While cleaning off the cluttered dining room table last night, I came across a copy of Walt Whitman's Song of Myself, which had been part of Alex's homeschooling work on poetry last year.
"I celebrate myself, and sing myself."
Such powerful words. Most of us don't do nearly enough of this. We're told not to, by people and and culture and custom. We encourage humility, discourage boasting (particularly in women, but that's another post).
But one can have both humility and self-love, and the latter is too often missing--or at least it has been for me.
Today marks the end of a year of self-transformation for me, and this week I'm trying hard to celebrate myself, to sing myself, to remind myself of my intrinsic value.
On August 4th of 2010, a few days after returning from a wonderful road trip with Alex, I stepped on my relatively new Withings scale, and was shocked to see the number: 144 pounds. I hadn't weighed that much since I was pregnant with Alex. It had happened gradually, but had finally reached a point where I realized I was really unhappy with my body. Not just the way it looked, but the way it felt. I made a decision that day to make some real changes in the way I cared for myself physically. I started getting to the gym on a regular basis, and changed the kinds of foods I kept in the house. I knew that for these changes to matter, they had to be sustainable. I couldn't cut out all carbs, for instance, because it would make me miserable and I'd eventually give up.
So, how'd that work out? Here's a graph showing what happened:
The objective I set for myself was 110 pounds (that's the white line near the bottom). I hit that in May of this year, and have stayed there since then, with minor (and normal) fluctuations. Lately, as I've added more weight training into my workout routine, my weight has crept up by a pound or two, but my lean mass has gone up right along with it. (The place in the middle where the color changes is the point where I crossed over from an unhealthy weight for my height and age to a healthy one.)
I've been off my antidepressants for a year now, as well, and wanting to stay off them keeps me going back to the gym 4-5x/week. I know my mental health history means that the exercise may not always be enough on its own, but for now it's doing the trick, and I'm happy not to have to deal with the expense or the side effects of the medication.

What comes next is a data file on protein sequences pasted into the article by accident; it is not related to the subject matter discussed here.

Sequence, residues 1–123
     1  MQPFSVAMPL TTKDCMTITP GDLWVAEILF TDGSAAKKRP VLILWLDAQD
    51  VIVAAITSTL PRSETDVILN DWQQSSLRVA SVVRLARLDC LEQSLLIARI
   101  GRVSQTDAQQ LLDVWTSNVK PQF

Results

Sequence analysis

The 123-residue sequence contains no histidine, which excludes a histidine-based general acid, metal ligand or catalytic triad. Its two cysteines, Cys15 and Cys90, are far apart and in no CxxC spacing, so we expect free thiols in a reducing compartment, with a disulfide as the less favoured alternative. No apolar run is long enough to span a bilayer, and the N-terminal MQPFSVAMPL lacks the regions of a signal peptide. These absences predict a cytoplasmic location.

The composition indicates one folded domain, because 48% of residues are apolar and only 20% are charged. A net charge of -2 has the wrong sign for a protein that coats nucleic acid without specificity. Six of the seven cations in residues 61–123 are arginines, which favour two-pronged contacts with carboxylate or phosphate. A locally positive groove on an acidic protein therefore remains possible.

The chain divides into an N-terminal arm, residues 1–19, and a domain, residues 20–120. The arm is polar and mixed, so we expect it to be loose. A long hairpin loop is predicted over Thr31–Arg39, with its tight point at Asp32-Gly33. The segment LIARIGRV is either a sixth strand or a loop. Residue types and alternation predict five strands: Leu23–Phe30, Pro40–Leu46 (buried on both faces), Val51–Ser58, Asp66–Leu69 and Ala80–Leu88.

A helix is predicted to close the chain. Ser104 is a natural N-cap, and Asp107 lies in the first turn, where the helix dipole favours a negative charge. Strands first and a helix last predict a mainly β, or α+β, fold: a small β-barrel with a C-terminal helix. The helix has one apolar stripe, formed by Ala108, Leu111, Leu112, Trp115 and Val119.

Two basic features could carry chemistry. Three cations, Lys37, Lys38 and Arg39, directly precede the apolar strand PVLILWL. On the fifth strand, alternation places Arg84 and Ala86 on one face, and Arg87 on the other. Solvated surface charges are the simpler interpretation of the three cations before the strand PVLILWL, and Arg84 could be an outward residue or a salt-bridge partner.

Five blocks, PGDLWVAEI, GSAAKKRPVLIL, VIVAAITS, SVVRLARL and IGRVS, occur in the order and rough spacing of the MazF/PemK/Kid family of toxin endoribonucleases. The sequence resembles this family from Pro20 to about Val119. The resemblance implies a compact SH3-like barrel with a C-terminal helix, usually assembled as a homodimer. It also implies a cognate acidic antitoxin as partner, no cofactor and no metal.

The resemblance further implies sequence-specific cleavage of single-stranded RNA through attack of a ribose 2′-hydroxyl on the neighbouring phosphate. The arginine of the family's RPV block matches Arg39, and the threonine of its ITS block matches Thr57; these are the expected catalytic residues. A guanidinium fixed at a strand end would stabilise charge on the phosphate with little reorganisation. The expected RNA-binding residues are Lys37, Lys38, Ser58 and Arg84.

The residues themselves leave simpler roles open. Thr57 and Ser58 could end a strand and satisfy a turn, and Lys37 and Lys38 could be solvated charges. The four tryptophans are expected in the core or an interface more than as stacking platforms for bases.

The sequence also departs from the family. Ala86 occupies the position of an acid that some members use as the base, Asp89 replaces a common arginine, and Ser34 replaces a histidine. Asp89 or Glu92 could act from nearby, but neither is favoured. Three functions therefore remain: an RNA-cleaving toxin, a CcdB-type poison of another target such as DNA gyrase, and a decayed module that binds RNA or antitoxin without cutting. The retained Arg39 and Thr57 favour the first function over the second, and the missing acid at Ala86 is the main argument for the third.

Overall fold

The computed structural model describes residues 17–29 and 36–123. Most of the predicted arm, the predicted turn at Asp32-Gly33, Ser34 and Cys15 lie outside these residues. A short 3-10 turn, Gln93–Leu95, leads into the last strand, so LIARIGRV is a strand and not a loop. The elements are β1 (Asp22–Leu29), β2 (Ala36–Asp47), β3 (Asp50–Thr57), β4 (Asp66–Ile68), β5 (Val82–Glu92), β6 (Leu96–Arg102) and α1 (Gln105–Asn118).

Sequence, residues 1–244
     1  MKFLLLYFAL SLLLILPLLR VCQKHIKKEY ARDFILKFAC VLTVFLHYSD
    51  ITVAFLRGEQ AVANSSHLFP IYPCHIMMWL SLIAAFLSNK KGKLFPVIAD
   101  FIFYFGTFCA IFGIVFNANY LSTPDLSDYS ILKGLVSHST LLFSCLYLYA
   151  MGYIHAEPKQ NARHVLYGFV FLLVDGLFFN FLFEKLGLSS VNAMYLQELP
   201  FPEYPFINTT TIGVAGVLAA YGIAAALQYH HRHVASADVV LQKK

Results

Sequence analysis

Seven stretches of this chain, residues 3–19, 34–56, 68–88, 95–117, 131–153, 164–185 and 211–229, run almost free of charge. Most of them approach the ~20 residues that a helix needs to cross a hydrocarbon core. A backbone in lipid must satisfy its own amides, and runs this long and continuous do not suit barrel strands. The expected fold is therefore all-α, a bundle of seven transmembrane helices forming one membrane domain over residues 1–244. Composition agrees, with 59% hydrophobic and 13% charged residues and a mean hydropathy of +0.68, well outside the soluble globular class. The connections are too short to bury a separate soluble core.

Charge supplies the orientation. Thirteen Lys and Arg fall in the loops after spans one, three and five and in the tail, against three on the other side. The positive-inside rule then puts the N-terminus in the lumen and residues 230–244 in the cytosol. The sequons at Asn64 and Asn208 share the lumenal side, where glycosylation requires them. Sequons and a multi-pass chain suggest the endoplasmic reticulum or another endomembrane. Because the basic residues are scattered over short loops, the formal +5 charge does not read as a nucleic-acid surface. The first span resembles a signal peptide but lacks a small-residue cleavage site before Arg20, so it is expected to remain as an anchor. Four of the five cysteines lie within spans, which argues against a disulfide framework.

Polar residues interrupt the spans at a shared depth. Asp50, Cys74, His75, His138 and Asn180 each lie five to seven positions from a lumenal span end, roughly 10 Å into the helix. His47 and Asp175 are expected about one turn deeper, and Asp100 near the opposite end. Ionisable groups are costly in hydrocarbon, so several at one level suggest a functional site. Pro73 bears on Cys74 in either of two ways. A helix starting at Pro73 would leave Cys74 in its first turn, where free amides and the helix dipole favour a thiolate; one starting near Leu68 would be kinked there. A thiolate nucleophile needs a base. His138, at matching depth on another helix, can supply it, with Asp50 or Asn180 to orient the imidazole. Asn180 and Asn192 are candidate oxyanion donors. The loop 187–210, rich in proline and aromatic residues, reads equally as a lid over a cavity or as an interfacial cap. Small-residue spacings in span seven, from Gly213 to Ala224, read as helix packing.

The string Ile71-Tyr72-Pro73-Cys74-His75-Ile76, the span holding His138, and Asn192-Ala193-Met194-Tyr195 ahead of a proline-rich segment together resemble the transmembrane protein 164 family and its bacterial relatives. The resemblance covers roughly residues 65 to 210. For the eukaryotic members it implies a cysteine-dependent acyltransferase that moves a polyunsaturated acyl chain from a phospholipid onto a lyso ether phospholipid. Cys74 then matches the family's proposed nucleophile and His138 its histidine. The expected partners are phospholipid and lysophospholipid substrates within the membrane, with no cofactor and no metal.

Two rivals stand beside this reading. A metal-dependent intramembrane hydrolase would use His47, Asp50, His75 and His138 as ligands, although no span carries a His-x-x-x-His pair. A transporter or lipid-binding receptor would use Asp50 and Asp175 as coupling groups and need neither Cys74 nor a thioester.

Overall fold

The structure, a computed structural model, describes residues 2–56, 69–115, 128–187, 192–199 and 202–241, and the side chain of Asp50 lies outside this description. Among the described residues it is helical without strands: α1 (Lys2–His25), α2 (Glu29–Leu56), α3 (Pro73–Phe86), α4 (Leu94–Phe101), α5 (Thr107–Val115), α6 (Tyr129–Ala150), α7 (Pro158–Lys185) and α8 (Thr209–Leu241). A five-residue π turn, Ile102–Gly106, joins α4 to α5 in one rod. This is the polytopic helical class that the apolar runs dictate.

Other benefits? My food budget has dropped quite a bit, since I prepare more foods myself rather than grabbing fast food on the way home. My kids are getting healthier meals and developing better eating habits. I've discovered the joy of shopping at the Rochester Public Market. My physical and mental energy levels are the highest they've been in a very long time. My cholesterol, which was dangerously high, has dropped into a very healthy range.
I honestly don't know what changed for me a year ago, and made it possible for me to successfully change my lifetime of bad eating and exercise habits, but I'm grateful that I did, and that everything I've done to reach this point seems easily sustainable moving forward.
When I went to see my doctor for an annual checkup last month, he congratulated me on "taking charge of my body," and that resonated for me. This week I'm splurging a bit on little luxuries to celebrate my physical self--a pedicure, some new clothes, things like that. But the real reward is being able to look at myself in the mirror and be proud of what I see.
No matter how many hours I spend at the gym, it won't make me 20-something or long-legged. But I'm okay with that. Being twenty-something wasn't all that great, as I recall. Been there, done that, glad I don't have to do it again. This 49-year-old body is the one I've got, and my goal now is to care for it well. My success in doing that this year is indeed worth celebrating.